FIG. 4 is a cutaway isometric view, taken from below, showing an alternating electrode structure that may be used with the single-well embodiment of FIGS. 1 and 2 or the multi-well embodiment of FIG. 3. The electrodes are shown in a single-well probe 10', with a cover 20' and a cap 21' corresponding to cover 20 and cap 21 of probe 10. In this case, there is no rod, but rather the two electrodes are defined by semiannular segments 90a and 90b, each of which is slightly less than half of the full ring. Segment 90a is supported on a pair of pins 95a and 97a; segment 90b is supported on a similar pair of pins 95b and 97b. Pins 95a-b extend through the cover while pins 97a-b terminate in blind holes in the cover. Cap 21' is spaced above cover 20' by a threaded insulated shaft 100 which threadably engages both the cover and the cap.

FIG. 5 is a cutaway isometric view, taken from below, showing an additional alternative electrode structure that may be used with the single-well or multiwell embodiments. For simplicity, this electrode structure is shown in a single-well probe 10", with a cover 20" and a cap 21" corresponding to the counterparts of probe 10. In brief, this electrode configuration differs in that it comprises four electrodes, namely a central rod 105 and first, second, and third rings 111, 112, and 113 disposed coaxially about the rod. The radial dimensions of the rings are chosen so that the outermost ring fits in well 15 and the gaps between adjacent rings (or between the innermost ring an rod 105) are generally equal. For 16-mm wells, the respective outer diameters of rod 105 and rings 111, 112, and 113 may be 2.5 mm, 6.9 mm. 11.2 mm, and 15.5 mm. A radial ring thickness of 0.75 mm is suitable, providing a 1.4-mm radial separation between adjacent electrodes. As in the case of the single-ring embodiment, the axial height of the rings may be chosen to satisfy particular design criteria, as for example to be commensurate with the depth occupied by the sample. For illustrative purposes, an axial height of 1 cm is shown. A benefit of having relatively tall rings (extending above the sample) is that fringe field effects are minimized.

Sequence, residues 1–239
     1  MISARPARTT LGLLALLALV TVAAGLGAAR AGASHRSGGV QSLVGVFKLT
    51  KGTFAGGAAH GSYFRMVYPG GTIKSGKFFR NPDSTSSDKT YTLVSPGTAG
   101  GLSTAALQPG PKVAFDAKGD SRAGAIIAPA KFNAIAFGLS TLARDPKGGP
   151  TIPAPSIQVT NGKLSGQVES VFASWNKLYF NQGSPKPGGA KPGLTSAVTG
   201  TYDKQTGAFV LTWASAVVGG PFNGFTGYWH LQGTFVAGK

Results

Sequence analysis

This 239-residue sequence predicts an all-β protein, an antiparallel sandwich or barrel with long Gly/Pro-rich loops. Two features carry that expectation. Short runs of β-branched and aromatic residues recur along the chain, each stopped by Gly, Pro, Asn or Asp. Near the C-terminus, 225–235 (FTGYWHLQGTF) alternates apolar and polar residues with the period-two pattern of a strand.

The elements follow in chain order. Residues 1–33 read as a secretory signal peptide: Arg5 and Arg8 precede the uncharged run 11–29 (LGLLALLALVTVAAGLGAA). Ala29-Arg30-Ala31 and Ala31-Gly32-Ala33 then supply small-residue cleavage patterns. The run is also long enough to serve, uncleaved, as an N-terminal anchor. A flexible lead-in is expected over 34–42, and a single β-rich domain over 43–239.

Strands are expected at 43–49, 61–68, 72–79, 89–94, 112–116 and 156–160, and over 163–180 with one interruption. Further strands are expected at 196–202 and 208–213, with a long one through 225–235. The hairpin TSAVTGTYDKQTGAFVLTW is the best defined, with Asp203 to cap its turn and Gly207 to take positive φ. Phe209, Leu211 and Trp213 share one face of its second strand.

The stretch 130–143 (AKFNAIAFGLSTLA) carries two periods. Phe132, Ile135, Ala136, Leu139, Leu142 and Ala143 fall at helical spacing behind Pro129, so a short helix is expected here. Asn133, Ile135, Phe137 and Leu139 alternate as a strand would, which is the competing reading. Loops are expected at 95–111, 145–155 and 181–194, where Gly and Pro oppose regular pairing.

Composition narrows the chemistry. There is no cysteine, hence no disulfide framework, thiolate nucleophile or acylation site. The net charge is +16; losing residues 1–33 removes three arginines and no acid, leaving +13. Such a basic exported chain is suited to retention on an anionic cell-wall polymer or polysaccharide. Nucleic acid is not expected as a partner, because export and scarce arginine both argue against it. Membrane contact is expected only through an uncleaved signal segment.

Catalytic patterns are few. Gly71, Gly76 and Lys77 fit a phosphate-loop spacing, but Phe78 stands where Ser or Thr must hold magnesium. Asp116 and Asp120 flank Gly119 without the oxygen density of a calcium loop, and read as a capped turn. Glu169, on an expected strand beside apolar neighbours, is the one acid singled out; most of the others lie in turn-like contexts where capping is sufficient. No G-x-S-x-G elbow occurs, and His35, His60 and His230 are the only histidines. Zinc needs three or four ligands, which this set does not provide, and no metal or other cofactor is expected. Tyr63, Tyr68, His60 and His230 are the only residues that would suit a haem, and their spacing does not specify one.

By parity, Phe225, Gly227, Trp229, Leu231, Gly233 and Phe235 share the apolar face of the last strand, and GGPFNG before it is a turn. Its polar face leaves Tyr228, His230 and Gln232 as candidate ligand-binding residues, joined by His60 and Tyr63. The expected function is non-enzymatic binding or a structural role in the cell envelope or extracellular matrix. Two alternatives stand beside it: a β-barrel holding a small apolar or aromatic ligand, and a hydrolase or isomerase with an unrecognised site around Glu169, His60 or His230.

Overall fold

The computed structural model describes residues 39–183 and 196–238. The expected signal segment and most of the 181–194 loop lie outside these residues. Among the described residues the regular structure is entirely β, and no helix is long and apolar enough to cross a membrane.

Each of the rings is supported on a pair of axially-extending pins--pins 121a-b for ring 111, 122a-b for pin 112, and pins 123a-b for pin 113 (pin 123b not shown). Pins 121a, 122a, and 123a pass through cover 20' with portions protruding above the cover. Pins 121b, 122b, and 123b engage the cover but do not pass through it.

Rod 105' and the even-numbered rings (in this embodiment just second ring 112) are electrically connected by a conductive strip 125 while the odd-numbered rings (first and third rings 111 and 113) are connected by a conductive strip 130. Cap 21" may be formed with a pair of apertures 135 to accommodate leads (not shown) for connection to the electrodes.

In use, the probe is inserted into one or several wells containing genetic material, a pulsed power supply is connected to the terminals located under the cap, and a voltage pulse is applied. A typical application of the probe is the introduction of foreign macromolecules (nucleic acids and proteins) into target cells in the sample. Factors that are likely to influence the procedure include the pulse voltage (actually the electric field) and the pulse length, as well as electrolyte and macromolecule concentrations and target cell density. A suitable source of high voltage pulses is marketed under the trademark "Proto Blaster" by Compudigital Industries, Davis, Calif., and is capable of providing output voltage pulses in the range of 25-475 volts DC at currents up to 1 amp and durations of 1-990 ms.